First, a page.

British Columbia Mine Reclamation Symposium

Nitrogen cycling in high elevation reclaimed mine spoil in southeastern British Columbia Fyles, Helen 1984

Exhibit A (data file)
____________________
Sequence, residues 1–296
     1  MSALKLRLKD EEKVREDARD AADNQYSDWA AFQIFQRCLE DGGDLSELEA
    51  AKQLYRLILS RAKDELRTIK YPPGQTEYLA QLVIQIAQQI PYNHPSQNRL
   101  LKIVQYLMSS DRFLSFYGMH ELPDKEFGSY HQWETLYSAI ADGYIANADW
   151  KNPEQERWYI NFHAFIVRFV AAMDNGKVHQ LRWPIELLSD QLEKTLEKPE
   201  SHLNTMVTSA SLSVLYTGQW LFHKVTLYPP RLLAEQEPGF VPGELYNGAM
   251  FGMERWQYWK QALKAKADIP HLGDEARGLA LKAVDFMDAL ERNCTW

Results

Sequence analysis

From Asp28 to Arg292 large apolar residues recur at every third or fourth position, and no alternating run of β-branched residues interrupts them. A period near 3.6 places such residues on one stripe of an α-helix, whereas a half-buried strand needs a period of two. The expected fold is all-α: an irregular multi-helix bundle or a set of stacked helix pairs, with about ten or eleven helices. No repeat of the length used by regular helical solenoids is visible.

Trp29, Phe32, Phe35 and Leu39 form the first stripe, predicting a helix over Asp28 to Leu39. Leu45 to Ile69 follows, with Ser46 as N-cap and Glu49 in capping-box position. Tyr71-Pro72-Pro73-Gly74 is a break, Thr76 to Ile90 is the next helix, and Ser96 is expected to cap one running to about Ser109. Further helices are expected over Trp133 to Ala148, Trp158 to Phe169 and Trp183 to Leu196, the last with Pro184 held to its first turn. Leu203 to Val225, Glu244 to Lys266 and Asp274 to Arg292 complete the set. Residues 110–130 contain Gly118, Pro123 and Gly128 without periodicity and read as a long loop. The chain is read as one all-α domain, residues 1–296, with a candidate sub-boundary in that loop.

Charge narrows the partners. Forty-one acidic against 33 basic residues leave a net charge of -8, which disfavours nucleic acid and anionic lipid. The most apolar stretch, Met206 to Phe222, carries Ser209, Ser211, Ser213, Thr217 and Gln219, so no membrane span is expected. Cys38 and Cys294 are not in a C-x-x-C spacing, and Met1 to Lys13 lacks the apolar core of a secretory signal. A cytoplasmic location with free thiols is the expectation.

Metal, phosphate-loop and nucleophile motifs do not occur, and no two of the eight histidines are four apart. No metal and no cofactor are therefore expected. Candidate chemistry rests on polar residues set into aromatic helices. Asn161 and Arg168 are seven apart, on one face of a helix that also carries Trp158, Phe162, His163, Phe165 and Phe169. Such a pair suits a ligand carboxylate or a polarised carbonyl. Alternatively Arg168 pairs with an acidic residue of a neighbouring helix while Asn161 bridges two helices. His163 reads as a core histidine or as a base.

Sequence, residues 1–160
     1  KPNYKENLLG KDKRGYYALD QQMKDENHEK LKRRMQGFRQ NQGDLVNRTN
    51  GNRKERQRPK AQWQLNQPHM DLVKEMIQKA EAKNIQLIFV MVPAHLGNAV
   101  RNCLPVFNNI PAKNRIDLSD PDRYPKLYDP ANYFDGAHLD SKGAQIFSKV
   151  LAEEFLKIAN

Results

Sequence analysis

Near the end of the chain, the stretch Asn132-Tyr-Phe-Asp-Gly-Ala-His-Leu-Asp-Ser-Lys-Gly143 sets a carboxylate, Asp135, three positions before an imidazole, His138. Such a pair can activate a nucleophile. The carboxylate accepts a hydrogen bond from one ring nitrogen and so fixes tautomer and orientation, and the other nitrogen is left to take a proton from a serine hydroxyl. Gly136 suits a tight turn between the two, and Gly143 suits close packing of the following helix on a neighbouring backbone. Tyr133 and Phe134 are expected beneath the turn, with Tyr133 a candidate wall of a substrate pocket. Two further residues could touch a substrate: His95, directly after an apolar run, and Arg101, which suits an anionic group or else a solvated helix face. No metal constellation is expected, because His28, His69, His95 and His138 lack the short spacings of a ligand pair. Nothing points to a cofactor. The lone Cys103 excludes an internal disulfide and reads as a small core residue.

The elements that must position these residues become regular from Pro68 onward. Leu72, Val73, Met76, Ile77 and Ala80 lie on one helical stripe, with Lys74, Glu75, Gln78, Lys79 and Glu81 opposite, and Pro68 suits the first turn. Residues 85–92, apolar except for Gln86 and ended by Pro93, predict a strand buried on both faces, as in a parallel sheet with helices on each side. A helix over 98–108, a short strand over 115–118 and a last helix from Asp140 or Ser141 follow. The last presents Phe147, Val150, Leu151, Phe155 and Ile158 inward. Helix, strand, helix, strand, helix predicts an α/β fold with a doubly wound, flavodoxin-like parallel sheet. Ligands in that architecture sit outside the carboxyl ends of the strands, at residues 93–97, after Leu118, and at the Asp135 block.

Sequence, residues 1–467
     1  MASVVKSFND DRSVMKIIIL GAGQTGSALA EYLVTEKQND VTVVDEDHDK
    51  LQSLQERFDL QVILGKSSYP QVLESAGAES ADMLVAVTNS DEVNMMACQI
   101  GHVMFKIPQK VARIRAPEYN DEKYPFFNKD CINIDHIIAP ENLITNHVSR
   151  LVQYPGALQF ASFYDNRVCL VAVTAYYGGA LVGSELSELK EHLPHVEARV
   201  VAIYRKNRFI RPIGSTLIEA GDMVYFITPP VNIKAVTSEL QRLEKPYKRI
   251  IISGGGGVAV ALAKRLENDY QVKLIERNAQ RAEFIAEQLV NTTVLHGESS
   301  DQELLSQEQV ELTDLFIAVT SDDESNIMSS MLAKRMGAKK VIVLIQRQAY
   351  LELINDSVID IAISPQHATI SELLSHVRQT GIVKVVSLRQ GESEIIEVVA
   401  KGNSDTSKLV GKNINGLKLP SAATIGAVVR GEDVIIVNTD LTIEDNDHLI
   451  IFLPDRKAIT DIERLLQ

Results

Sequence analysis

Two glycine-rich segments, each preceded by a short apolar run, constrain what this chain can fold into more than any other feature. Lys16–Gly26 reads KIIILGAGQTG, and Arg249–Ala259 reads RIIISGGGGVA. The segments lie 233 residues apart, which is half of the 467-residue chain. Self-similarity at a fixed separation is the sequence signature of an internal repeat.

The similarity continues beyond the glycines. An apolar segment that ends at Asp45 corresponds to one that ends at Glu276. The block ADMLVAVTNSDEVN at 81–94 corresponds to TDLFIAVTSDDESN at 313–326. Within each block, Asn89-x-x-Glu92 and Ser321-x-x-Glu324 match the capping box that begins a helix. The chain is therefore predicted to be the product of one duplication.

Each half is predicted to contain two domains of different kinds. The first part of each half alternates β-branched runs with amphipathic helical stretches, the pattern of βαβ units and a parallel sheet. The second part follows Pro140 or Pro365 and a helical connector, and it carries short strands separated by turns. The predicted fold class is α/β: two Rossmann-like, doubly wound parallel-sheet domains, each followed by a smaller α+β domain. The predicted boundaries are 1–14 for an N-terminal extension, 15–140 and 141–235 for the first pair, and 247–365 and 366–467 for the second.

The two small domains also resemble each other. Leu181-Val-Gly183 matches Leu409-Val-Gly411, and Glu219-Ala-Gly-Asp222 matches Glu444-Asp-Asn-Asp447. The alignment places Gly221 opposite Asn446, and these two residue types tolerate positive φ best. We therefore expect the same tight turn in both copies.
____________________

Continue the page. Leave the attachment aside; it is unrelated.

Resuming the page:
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th  Proceedings of the 8 Annual British Columbia Mine Reclamation Symposium in Victoria, BC, 1984. The Technical and Research Committee on Reclamation  NITROGEN CYCLING IN HIGH ELEVATION RECLAIMED MINE SPOIL IN SOUTHEASTERN BRITISH COLUMBIA by Helen Fyles Introduction One of the most important nutrients for plant growth, and the nutrient in shortest supply in reclaimed mine spoil, is nitrogen. For these reasons reclaimed areas at Westar must be fertilized annually with 20 to 30 kg N/ha. This fertilization produces sufficient vegetation cover to reduce erosion and, over a period of years, results in a build-up of N in the reclaimed soils. The objectives of all our research on N has been to determine whether or not sufficient N has accumulated in the soil of the older reclaimed sites, to support plant growth without further inputs of fertilizer N. If an adequate reserve of N is present, annual maintenance fertilization can be stopped and the reclaimed grasslands will sustain themselves with no further management. This is one of the final objectives of successful reclamation.  soil/plant system, and see if N was accumulating within the litter compartment. The second objective of the study was to measure fertilizer efficiency: the proportion of the applied fertilizer that was recovered in the plant. Fertilizer is applied each year to the reclaimed areas at considerable expense to the mine. It is important to know if the fertilizer we are using stays in the system and is mostly taken up by plants, or is leached out during heavy rains. If we are losing large amounts, a different kind of fertilizer, such as a slowrelease one, might make fertilization more cost efficient. The third and major part of the study was concerned with estimating the build-up of N in the soil/plant system and assessing to what extent the reclaimed sites were dependent on fertilizer to sustain their productivity. Specifically, the objective was to determine how much of the N in plants growing on reclaimed sites came from the fertilizer, applied in any one year; and how much came from the soil N that had accumulated over the years since site establishment (native N). In the young sites (1-3 years old), it was expected that a large proportion of the N in the growing plant came from fertilizer because soil N levels would be low. In the older sites (4-10 years old) it was expected that much less of the N in the plant was from the fertilizer and a greater proportion was taken up from the soil. We would like to be able to determine the length of time over which annual fertilizer applications are necessary before sufficient N is being cycled within the system to meet plant needs. In this way, management procedures could be terminated after a known period. The latter two objectives of the study were met using a labelled 1 5 N fertilizer.  Background and Objectives Until fairly recently, it was thought that this self-sustaining plant system could not be produced on subalpine sites using agronomic species. The major concern was that fertilization produced high yields of grasses each season and that those grasses seemed to have a high proportion of shoots relative to roots. When the plants died back each fall, a thick layer of litter was formed on the soil surface. Nutrients were continuously being tied up in this dead plant material where they were unavailable to support further plant growth. It was thought that litter decomposition was so slow that it prevented the return of nutrients to the soil and continued fertilization would be necessary to maintain plant growth on the site. This is the basis for the first objective of the study which was to quantify the distribution of N within the different parts of the  83  th  Proceedings of the 8 Annual British Columbia Mine Reclamation Symposium in Victoria, BC, 1984. The Technical and Research Committee on Reclamation  There are two common isotopes of N: normal N has a molecular weight of 14 and the second isotope (5N) has a molecular weight of 15. During analysis of plant or soil samples these two forms of N can be distinguished on the basis of their mass. The fertilizer that was applied to the research plots was enriched with 15N. By sampling at frequent intervals, the presence of the fertilizer could be traced as it moved from the soil surface, into the soil, the microorganisms, the plant roots, crowns and shoots and subsequently into the surface litter (Figure I).  Distribution of Nitrogen in Plant Materials Figure 2 illustrates the distribution of N within the plant materials. The total amount of N in all the plant compartments has been calculated and the proportion of that N in any one compartment is represented by a box. In the two older reclaimed sites and the native grassland, the majority of the plant N (45 to 50%) was in the roots. The youngest site (1980) had much less, about 30% of its plant N, in the root compartment. It is evident that there is a substantial increase in the importance of the roots as the reclaimed site ages. The litter contained considerably less N than the roots in all sites, never having more than one third of the total. Since our selfsustaining grassland had about 30% of its plant N in the litter, we can assume that this is a manageable level on our reclaimed sites. This data suggests that N is accumulating not in the litter but in the roots. It is accummulating where it should in order for a stable system to develop.  The Method  The labelled fertilizer was applied to plots established on four reclaimed sites of different ages in the spring of 1982. 1. The youngest reclaimed site was seeded and fertilized initially in 1980. At the time the labelled fertilizer was applied it was starting its second growing season. 2. The next youngest site selected, was first seeded in the fall of 1977 and was entering its fifth season when the fertilizer was applied. 3. The oldest reclaimed site under study was initially seeded and fertilized in 1974. It was nine years old in the first year of study. 4. A fourth site, an undisturbed native grassland, adjacent to the previous reclaimed site, was included to compare N cycling in the three reclaimed systems with a natural system. The grassland had a southwest exposure and was much warmer than any of the reclaimed sites. It tended to start growing earlier in the spring and die back earlier in the fall. Three sets of samples were taken from these sites during the 1982 growing season in June, August, and September. Two more samplings were carried out in June and August of the following year. The entire system was sampled: the soil and roots to a depth of IO cm, the surface litter, the shoots and the crowns. The crown is that part of the plant from which the roots and shoots originate and is considered to be a storage organ and therefore important in the ability of the plant to overwinter.  Decomposition  It is evident that N is not accumulating in the litter compartment therefore significant amounts of litter must be decomposing each year and returning nutrients to the soil. It is difficult to calculate the amount of litter decomposed annually because additions and losses occur continuously over the growing season. However, it is possible to measure the losses which occurred between late fall and early spring. The shoots present in September 1982 entered the litter pool as dieback occurred and winter began. The total amount of litter present in the late fall can therefore be calculated (Table 1). The amount of litter remaining on the soil surface the following spring was measured and the difference between the two values was the amount decomposed during the winter. In the three reclaimed sites, litter loss amounted to 51%, 41%, and 35% of the litter that was there in the fall. Several studies carried out in the United States, have also measured substantial litter losses over winter  84  th  Proceedings of the 8 Annual British Columbia Mine Reclamation Symposium in Victoria, BC, 1984. The Technical and Research Committee on Reclamation  Figure I Movement of Fertilizer Nitrogen  85  th  Proceedings of the 8 Annual British Columbia Mine Reclamation Symposium in Victoria, BC, 1984. The Technical and Research Committee on Reclamation  Figure 2 Distribution Of N Within the Plant Component August 1983  86  th  Proceedings of the 8 Annual British Columbia Mine Reclamation Symposium in Victoria, BC, 1984. The Technical and Research Committee on Reclamation  Table I Litter Decomposition Between September 1982 and June 1983  87  th  Proceedings of the 8 Annual British Columbia Mine Reclamation Symposium in Victoria, BC, 1984. The Technical and Research Committee on Reclamation  (Bleak 1970, Knight and Kyte 1975, McBrayer and Cromack I960. Apparently, once sufficient snowpack has accumulated to buffer the soil surface from extremes of air temperature, the temperature of the litter zone rises above 0° C, and decomposition is initiated. Litter decomposition also occurred during the summer months. However, it was more difficult to measure because plant material was continually dying, sloughing off and being added to the litter pool. The net loss of litter during the summer of 1982 was measured by subtracting the amount present at the end of the growing season from what was there at the beginning. All sites showed a net loss in litter (Table 2). In the grassland, the amount of litter actually increased over the summer. As mentioned earlier, this site died back earlier in the season and by September 1982, many of the plants had already died and entered the litter compartment, accounting for the increase. If the net loss of litter during the summer was added to the amount decomposed over winter, litter decomposition over the entire year could be estimated. In order to determine whether litter was accumulating on the reclaimed sites, the amount of litter added during the year was compared to the annual amount decomposed. Total additions to the litter pool during the growing season were approximately equivalent to peak shoot growth in 1982. A comparison of estimated litter additions with estimated losses over the entire year revealed that only in the youngest sites was litter accumulating. All other sites showed a net loss of litter. It is unlikely that these sites were actually losing more litter than was added, over the long term. Either this was an unusually good year for decomposition or the previous year had exceptionally high shoot production. It is likely that these sites are "breaking even"; as much litter decomposes as is added each year and, in general, the size of the litter compartment remains constant. The amount of N recycled by this litter can be substantial. In the oldest reclaimed sites, the quantity of N returned to the soil  via decomposition processes was approximately 30 kg/ha. This is as much N as is present in the shoots at peak growth and is a similar amount to what is applied annually as fertilizer.  Fertilization Efficiency An increase in fertilizer efficiency is evident with site age in August 1982 (Table 3). The young reclaimed site recovered about 30% of the applied fertilizer in its plants and the two older reclaimed sites 70 to 75%. The grassland recovered 50% of the fertilizer but statistics do not distinguish any significant difference between the three older sites. The efficiency with which plants on the older sites use the fertilizer N is probably due to their large root system providing a greater capacity for uptake. Plants on the 1980 site with much smaller rooting systems, take up much less N. In August I 983, over one year after the fertilizer was applied, there was still a high proportion of fertilizer recovered in the plants. This suggests that the fertilizer applied in any one year can be an important source of nutrients the following year. Recovery of Fertilizer in the Soil Plant System It was apparent that only a portion of the fertilizer was recovered in the plant and it was important to determine the fate of the rest of the fertilizer. The proportion of fertilizer recovered in the entire soil/plant system, 1.5 years after its application, is recorded in Table 4. In the reclaimed sites, about 20% of the fertilizer was lost and in the grassland site apparently none was lost. All these values are very high and suggest that the fertilizer is staying in the soil or plant material for at least a couple of years after application. Note that even in the 1980 site where only 30% of the fertilizer was recovered in the plants, very little was lost from the system. Even though it apparently remained in the soil for a year, the fertilizer did not leach out.  88  th  Proceedings of the 8 Annual British Columbia Mine Reclamation Symposium in Victoria, BC, 1984. The Technical and Research Committee on Reclamation  Table 2 Annual Litter Decomposition  89  th  Proceedings of the 8 Annual British Columbia Mine Reclamation Symposium in Victoria, BC, 1984. The Technical and Research Committee on Reclamation  Table 3 Proportion of Fertilizer Nitrogen Recovered in the Living Plant (%)  SITE  AUGUST 1982  AUGUST 1983  1980  31  23  1977  69  39  1974  76  35  GR.  51  31  90  th  Proceedings of the 8 Annual British Columbia Mine Reclamation Symposium in Victoria, BC, 1984. The Technical and Research Committee on Reclamation  Table 4 Fertilizer Recovered 1.5 Years After Application  SITE  FERTILIZER RECOVERED(Vo)  1980  82  1977  81  1974  77  GR  103  91  th  Proceedings of the 8 Annual British Columbia Mine Reclamation Symposium in Victoria, BC, 1984. The Technical and Research Committee on Reclamation  Proportion of Plant Nitrogen Derived from Fertilizer Figures 3 and 4 show the proportion of N in the living plant that is derived from the fertilizer. At peak standing crop in 1982, on the youngest reclaimed site, almost 40% of the N in the growing plant came from the fertilizer. In the 1977 site, about 20% of the N came from the fertilizer and in the 1974 site about 10%. Plants growing in the native grassland derived about 6% of their N from the fertilizer. There is a tremendous decline in the dependence of the plant on fertilizer for its N, 2 to 5 years after initial establishment. By the time a site is five years old, its plants are deriving 80% of their required N from the native N in the soil and only 20% from the fertilizer. This means that a substantial pool of N has built up in the older reclaimed systems and that N cycling is continuously resupplying the plants with necessary nutrients. Examination of similar data for the following spring (June 1983) show that these differences are even more distinct. In the youngest reclaimed site, a high proportion of the N in the plants is from the fertilizer, while in the other sites only IO to 14% of the N is from the fertilizer. These data suggest that fertilized reclaimed sites build up a substantial pool of soil nitrogen within five years. After five years, the benefits of fertilizer decline as the sites become increasingly self-sufficient.  but substantial amounts are being recycled by decomposition processes. A large proportion of the plant N is present in the plant roots; where it should be for a stable, self-sustaining plant system to develop. The labelled fertilizer study has shown that in the older reclaimed sites, only a small portion of the N in the plant comes from the fertilizer and most of it comes from supplies accumulated in the soil. This suggests that present management practices at Westar are successful I Iy creating plant/soil systems on their high elevation reclaimed sites which recycle sufficient nutrients to meet the needs of plant growth.  Acknowledgements  The joint support of Westar Mining Ltd. and the University of Alberta was instrumental in this research. Also, I gratefully acknowledge the financial contribution to this research by Alberta Environment.  References  Bleak, A.T. 1970. Disappearance of plant material under a winter snow cover. Ecology 51:915-917. Knight, D.H. and C.R. Kyte. 1975. The effect of snow accumulation on litter decomposition and nutrient leaching. In: Medicine Bow Ecology Project. The potential sensitivity of various ecosystems. USDI Bur. Reel.  Summary  The research that has been carried out on N at Westar has been essential to determine the ability of the reclaimed sites to survive once management practices are terminated. It has been established that N is not accumulating in the litter on the soil surface  McBrayer, J.F. and K. Cromack. 1980. Effect of snow-pack on oak litter breakdown and nutrient release in a Minnesota forest. Pedobiologia 20:47-54.  92  th  Proceedings of the 8 Annual British Columbia Mine Reclamation Symposium in Victoria, BC, 1984. The Technical and Research Committee on Reclamation  Figure 3 Proportion of N in the Living Plant Derived From Fertilizer September 1982  93  th  Proceedings of the 8 Annual British Columbia Mine Reclamation Symposium in Victoria, BC, 1984. The Technical and Research Committee on Reclamation  Figure 4 Proportion of N in the Living Plant Derived From Fertilizer Spring 1983  94